I've also read stories where there's been a lot of plot and good plot but the story has been too light to keep me reading. What do I mean by too light? There are only so many plots and it's what the writer makes of the story, the twists and turns that are unexpected that make at least me want to read on. Sometimes the story is so contrived a reader will shake their head.

So the moral of this to me was that the story must keep moving forward and if there is conflict between the characters there must be solutions to each argument or the story keeps rolling on the treadmill. So if your characters have the same argument or conflict and this doesn't change look for ways to change something, Or if the story lacks a forward movement toward the climax find ways to change an element.

Monday, October 14, 2013

Meandering On Monday with Janet Lane Walters

Meander 1. Healwoman has been released by Books We Love. The cover is lovely and I hope this book does better there than it has in the past since this is a re-release. Code Blue is up for free today again and the last time I looked was sitting at 40 in suspense and at about 1200 in the free best seller list. May it continue to perk along. This has my favorite villain of all times.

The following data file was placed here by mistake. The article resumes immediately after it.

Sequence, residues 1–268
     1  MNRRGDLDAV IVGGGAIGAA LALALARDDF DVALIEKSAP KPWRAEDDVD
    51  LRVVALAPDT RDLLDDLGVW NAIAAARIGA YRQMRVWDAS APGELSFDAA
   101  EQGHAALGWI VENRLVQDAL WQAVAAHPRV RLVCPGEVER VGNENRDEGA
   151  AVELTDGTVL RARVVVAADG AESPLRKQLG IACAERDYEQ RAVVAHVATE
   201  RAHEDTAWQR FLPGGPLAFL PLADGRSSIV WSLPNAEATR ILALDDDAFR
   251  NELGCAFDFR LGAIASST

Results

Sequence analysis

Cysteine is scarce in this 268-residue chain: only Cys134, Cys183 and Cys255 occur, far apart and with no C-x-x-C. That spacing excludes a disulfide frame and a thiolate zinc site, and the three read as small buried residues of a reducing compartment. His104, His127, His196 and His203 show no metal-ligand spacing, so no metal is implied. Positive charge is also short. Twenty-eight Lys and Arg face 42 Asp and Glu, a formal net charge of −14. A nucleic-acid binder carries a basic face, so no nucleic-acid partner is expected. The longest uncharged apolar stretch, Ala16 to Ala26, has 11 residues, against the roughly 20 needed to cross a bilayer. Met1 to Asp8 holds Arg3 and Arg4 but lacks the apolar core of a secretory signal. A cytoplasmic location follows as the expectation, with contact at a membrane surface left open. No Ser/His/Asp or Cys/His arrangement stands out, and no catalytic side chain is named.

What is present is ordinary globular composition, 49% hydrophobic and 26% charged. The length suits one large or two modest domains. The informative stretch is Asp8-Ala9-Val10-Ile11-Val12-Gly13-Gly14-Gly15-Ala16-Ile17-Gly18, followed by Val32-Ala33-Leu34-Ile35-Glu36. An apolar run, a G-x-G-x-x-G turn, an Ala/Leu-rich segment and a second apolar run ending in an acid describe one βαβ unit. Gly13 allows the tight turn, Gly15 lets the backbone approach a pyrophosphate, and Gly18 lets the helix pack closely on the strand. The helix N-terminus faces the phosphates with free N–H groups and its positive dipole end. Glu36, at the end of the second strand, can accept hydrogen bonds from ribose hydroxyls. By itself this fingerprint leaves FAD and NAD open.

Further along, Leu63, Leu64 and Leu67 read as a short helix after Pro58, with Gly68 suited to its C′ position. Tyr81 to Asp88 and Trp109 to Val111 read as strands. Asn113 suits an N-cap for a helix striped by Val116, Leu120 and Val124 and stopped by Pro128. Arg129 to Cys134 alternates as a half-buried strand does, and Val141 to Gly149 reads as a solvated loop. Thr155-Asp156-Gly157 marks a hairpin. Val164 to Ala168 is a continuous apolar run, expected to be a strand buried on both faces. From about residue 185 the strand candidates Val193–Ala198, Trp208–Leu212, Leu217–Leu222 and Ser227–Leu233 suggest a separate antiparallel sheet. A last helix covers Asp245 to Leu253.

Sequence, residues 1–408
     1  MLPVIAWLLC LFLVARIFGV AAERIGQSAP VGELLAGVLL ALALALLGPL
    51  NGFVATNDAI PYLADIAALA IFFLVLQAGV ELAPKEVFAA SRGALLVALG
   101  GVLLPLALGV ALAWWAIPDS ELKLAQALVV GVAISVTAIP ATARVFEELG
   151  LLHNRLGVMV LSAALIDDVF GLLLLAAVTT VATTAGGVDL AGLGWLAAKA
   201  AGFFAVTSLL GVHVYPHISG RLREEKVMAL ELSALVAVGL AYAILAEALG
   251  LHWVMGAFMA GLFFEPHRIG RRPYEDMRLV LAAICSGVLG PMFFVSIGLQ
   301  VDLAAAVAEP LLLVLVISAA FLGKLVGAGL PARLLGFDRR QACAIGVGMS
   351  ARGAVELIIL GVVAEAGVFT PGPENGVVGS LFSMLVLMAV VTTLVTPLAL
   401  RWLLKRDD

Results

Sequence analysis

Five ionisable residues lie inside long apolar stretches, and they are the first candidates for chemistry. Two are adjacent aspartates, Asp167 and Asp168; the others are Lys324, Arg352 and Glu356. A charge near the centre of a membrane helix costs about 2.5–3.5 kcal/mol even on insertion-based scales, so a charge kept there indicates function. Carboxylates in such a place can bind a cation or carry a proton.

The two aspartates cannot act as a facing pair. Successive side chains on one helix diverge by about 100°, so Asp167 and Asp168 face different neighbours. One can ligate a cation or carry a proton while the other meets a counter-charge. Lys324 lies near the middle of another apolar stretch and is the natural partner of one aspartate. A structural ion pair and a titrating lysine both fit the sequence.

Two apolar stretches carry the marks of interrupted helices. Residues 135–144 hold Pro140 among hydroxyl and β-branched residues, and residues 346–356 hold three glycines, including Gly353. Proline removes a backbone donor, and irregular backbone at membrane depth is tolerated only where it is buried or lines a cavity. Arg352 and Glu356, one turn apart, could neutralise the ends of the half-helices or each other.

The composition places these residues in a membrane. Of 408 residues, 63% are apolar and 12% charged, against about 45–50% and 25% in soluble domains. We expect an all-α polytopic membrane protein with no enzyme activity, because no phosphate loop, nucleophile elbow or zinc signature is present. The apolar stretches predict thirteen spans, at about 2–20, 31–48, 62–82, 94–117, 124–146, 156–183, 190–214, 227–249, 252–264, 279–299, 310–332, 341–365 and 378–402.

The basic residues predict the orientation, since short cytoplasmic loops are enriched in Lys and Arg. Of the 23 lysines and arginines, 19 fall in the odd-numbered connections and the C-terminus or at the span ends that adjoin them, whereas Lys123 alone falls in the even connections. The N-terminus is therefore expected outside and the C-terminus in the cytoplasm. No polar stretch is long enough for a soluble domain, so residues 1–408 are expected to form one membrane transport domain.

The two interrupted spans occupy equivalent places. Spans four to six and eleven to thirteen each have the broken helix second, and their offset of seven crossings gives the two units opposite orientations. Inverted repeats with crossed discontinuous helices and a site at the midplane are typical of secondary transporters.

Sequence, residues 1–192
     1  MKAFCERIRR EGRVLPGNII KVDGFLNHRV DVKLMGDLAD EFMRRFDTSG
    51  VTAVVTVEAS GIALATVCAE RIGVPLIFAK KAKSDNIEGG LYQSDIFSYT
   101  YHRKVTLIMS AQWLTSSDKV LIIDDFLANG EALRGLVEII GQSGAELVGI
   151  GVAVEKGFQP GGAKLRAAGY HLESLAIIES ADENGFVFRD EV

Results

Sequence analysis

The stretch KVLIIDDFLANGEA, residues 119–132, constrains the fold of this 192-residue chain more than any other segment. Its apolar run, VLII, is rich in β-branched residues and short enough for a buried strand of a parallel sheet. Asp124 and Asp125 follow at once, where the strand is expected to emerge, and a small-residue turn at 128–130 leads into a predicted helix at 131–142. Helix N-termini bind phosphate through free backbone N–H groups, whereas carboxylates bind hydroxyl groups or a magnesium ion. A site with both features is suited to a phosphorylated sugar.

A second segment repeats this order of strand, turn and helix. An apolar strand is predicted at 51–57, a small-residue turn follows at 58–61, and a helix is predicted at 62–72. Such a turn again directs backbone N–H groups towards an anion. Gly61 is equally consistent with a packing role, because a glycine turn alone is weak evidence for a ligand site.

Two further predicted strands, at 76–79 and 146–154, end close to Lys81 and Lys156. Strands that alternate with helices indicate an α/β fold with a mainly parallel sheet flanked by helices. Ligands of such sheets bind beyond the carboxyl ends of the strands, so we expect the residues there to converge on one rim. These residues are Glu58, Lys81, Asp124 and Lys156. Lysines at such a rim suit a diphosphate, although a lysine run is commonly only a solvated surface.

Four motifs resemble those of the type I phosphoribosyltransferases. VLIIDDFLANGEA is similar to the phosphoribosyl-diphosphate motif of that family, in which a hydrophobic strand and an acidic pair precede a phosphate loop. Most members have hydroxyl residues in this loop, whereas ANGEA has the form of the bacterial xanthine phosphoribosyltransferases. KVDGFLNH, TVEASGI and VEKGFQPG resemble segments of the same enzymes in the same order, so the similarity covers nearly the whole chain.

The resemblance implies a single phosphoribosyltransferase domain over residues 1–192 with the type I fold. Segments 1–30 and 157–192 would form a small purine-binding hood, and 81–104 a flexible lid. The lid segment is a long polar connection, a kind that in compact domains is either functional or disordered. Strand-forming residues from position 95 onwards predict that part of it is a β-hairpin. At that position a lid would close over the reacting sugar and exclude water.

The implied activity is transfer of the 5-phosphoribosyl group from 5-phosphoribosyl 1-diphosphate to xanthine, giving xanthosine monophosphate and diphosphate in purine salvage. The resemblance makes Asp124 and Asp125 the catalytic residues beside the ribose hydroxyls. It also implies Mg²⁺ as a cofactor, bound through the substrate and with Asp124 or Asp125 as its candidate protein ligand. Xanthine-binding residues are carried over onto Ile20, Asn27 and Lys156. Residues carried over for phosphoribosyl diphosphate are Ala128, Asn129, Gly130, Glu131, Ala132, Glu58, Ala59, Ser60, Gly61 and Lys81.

Meander 2. Been thinking lately about all those members who once belonged to HVRWA and who have left the group. Some of them were brilliant writers and some good writers who could have made it. As I think of the names, I wonder if they gave up their dreams when they didn't find publication. Did they go on to write. I know a few of them continued to write and have continued to be published.  They left the group for many reasons. But the ones who gave up on their dreams often trouble me. Will they return to writing. Maybe and maybe not. I may never know, but wherever they are I hope they find a way to rekindle those dreams.

Meander 3. All about me, sort of. Actually about my writing. Am moving forward with Rekindled Dreams and am looking forward to finishing this book so I can finish the Amber Chronicles. Have a few bits to fit into the first three stories and the fourth one to write. Then I can finish the third of the alternate Egypt stories. Toth's Priest and the third of the Moonchild stories. Taurus this time.

Saturday, October 12, 2013

Saturday's Excerpt from Loving Sarah by Julie Shelton

Owning Sarah will be available from beginning September 25.  It is the sequel to Loving Sarah, which was published in November of 2012.  It is available to Amazon,B & N, Kobobooks, Sony, Googleplay and others.  I am also enclosing the back cover  blurb for Loving Sarah, which you can use or not, as you desire.

 Back Cover Blurb for LOVING SARAH

Eight years ago Jesse Colter fled his small town, leaving behind eighteen-year-old Sarah Marshall, broken-hearted and devastated.  Now a retired Navy SEAL, he’s back and he wants only one thing—Sarah Marshall—preferably bound, naked, and on her knees before him.